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Basic Residues of the Helix Six Domain of Influenza Virus M1 Involved in Nuclear Translocation of M1 Can Be Replaced by PTAP and YPDL Late Assembly Domain Motifs

By Eric Ka-Wai Hui, Subrata Barman, Tae Yong Yang and Debi P. Nayak


Influenza type A virus matrix (M1) protein possesses multiple functional motifs in the helix 6 (H6) domain (amino acids 91 to 105), including nuclear localization signal (NLS) (101-RKLKR-105) involved in translocating M1 from the cytoplasm into the nucleus. To determine the role of the NLS motif in the influenza virus life cycle, we mutated these and the neighboring sequences by site-directed mutagenesis, and influenza virus mutants were generated by reverse genetics. Our results show that infectious viruses were rescued by reverse genetics from all single alanine mutations of amino acids in the H6 domain and the neighboring region except in three positions (K104A and R105A within the NLS motif and E106A in loop 6 outside the NLS motif). Among the rescued mutant viruses, R101A and R105K exhibited reduced growth and small-plaque morphology, and all other mutant viruses showed the wild-type phenotype. On the other hand, three single mutations (K104A, K105A, and E106A) and three double mutations (R101A/K102A, K104A/K105A, and K102A/R105A) failed to generate infectious virus. Deletion (ΔYRKL) or mutation (4A) of YRKL also abolished generation of infectious virus. However, replacement of the YRKL motif with PTAP or YPDL as well as insertion of PTAP after 4A mutation yielded infectious viruses with the wild-type phenotype. Furthermore, mutant M1 proteins (R101A/K102A, ΔYRKL, 4A, PTAP, 4A+PTAP, and YPDL) when expressed alone from cloned cDNAs were only cytoplasmic, whereas the wild-type M1 expressed alone was both nuclear and cytoplasmic as expected. These results show that the nuclear translocation function provided by the positively charged residues within the NLS motif does not play a critical role in influenza virus replication. Furthermore, these sequences of H6 domain can be replaced by late (L) domain motifs and therefore may provide a function similar to that of the L domains of other negative-strand RNA and retroviruses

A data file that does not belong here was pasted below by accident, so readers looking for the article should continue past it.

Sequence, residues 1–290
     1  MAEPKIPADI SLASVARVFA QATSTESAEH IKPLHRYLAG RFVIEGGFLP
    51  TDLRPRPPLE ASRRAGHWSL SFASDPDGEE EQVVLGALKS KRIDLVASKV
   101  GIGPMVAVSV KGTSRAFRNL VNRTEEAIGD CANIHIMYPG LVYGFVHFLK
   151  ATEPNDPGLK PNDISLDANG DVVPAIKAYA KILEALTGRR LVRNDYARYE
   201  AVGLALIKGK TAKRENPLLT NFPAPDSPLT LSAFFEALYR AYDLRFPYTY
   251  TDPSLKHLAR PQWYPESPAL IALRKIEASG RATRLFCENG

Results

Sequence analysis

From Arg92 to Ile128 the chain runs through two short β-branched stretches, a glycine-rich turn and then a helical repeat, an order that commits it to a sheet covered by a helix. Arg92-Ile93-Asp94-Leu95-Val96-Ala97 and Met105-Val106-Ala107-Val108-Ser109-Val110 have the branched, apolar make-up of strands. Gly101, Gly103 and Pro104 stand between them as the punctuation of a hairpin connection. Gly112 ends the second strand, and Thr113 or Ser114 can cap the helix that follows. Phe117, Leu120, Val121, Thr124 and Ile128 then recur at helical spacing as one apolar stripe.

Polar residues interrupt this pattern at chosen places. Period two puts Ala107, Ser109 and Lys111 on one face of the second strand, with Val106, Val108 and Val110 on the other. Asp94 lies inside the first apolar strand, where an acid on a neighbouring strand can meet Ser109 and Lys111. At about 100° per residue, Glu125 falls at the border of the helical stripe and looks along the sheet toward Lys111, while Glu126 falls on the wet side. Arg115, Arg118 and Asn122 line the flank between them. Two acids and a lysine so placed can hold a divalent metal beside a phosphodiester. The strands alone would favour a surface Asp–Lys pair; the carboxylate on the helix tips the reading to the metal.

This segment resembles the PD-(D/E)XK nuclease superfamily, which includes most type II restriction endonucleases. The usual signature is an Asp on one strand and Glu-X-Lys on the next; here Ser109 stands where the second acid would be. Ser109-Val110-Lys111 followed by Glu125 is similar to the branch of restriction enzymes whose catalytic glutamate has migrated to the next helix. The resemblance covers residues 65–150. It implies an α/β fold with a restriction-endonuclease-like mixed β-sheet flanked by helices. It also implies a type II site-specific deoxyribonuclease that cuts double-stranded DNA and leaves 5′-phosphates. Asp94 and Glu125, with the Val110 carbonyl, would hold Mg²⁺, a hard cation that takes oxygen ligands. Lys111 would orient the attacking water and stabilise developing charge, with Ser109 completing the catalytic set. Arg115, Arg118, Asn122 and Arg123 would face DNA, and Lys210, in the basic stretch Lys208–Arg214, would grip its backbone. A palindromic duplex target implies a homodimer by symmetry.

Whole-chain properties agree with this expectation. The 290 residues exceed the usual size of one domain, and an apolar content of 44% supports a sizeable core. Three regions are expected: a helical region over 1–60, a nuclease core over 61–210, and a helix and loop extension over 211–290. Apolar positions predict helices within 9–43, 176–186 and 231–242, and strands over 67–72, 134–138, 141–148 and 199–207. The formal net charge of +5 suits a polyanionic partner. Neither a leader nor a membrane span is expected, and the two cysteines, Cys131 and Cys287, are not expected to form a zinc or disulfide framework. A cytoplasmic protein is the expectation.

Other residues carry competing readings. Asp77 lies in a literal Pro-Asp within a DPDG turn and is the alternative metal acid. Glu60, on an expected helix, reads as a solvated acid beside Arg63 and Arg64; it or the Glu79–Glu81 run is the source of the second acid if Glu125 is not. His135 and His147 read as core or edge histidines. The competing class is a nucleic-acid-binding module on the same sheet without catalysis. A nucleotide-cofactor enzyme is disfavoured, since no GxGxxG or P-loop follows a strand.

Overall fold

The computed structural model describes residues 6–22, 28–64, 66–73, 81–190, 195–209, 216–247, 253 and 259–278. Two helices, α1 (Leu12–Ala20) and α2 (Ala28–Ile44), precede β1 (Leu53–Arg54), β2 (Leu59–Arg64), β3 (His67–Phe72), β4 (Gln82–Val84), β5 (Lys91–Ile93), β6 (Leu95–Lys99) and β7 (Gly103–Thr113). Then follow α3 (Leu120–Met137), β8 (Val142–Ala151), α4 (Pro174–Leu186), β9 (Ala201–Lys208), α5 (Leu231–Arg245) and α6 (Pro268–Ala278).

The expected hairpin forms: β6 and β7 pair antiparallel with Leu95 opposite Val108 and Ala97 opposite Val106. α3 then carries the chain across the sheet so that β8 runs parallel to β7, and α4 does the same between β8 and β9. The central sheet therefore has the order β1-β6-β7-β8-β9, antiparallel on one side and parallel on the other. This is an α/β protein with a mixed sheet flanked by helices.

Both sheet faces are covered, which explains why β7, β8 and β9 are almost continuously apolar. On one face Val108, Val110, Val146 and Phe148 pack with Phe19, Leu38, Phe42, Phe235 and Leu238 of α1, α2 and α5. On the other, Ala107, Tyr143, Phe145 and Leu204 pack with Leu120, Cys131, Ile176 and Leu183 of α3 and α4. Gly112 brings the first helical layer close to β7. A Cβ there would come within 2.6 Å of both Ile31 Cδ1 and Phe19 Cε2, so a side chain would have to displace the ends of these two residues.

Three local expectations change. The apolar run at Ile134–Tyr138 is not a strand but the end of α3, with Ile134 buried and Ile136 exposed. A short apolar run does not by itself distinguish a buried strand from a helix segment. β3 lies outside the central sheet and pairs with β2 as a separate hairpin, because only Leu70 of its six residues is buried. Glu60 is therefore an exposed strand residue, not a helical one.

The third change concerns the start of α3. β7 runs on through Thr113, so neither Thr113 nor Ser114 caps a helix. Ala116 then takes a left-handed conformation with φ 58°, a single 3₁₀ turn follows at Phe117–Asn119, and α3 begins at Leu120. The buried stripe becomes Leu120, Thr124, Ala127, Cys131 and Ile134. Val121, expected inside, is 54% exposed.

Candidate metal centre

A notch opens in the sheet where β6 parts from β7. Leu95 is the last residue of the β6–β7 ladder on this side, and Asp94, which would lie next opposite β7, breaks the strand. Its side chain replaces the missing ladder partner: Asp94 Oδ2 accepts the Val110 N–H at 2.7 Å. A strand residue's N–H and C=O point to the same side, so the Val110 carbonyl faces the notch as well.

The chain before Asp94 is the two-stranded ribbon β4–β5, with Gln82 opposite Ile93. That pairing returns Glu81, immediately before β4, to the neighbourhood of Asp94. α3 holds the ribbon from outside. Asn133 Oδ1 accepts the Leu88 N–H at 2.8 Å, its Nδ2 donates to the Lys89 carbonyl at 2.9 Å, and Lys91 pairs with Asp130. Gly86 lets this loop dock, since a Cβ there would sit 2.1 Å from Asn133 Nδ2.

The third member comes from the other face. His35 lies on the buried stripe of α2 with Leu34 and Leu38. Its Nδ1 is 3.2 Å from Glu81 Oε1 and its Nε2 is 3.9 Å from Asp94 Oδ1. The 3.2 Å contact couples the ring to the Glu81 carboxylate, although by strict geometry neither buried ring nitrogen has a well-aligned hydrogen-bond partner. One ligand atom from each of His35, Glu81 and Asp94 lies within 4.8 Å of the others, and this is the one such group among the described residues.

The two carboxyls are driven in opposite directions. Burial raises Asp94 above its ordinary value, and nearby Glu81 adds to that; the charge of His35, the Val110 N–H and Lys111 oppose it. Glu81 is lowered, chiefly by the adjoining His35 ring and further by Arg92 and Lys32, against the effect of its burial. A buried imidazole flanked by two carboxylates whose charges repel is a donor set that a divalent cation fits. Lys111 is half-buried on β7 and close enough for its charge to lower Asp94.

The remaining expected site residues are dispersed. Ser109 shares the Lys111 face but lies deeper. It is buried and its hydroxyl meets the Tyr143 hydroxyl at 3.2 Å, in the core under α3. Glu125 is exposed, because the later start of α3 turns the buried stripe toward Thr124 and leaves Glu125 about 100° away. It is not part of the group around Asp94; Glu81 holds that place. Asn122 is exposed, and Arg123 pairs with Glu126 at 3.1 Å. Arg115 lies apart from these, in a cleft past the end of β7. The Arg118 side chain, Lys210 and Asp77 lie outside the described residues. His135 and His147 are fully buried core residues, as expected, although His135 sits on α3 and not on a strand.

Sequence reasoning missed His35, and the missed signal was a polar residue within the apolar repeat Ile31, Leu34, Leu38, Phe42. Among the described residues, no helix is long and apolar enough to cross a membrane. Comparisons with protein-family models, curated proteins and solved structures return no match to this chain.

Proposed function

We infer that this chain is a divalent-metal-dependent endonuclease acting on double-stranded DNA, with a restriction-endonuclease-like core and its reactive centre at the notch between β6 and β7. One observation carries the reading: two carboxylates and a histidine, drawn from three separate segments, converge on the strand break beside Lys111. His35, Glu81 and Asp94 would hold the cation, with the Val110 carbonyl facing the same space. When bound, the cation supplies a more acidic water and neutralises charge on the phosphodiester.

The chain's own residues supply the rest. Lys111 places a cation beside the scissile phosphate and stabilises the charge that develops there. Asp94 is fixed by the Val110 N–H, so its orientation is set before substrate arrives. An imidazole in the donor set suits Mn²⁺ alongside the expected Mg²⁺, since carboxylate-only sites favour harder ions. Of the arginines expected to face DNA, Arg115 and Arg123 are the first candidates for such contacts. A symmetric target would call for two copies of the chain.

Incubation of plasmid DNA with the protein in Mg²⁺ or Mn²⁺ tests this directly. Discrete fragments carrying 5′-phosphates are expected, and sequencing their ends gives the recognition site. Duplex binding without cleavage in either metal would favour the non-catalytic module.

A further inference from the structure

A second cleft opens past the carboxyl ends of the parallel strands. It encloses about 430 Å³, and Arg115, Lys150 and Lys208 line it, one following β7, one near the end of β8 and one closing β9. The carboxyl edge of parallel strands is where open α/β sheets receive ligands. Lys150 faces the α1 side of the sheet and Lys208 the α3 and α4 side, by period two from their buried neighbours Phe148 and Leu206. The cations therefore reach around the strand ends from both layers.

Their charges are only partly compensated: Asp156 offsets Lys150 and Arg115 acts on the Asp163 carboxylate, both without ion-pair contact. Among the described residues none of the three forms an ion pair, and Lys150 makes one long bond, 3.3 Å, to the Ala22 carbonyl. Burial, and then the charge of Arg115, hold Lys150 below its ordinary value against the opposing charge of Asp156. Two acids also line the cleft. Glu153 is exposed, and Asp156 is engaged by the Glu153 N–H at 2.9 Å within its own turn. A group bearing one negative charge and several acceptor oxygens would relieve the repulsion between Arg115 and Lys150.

Topics: Virus-Cell Interactions
Publisher: American Society for Microbiology
Year: 2003
DOI identifier: 10.1128/JVI.77.12.7078-7092.2003
OAI identifier:
Provided by: PubMed Central
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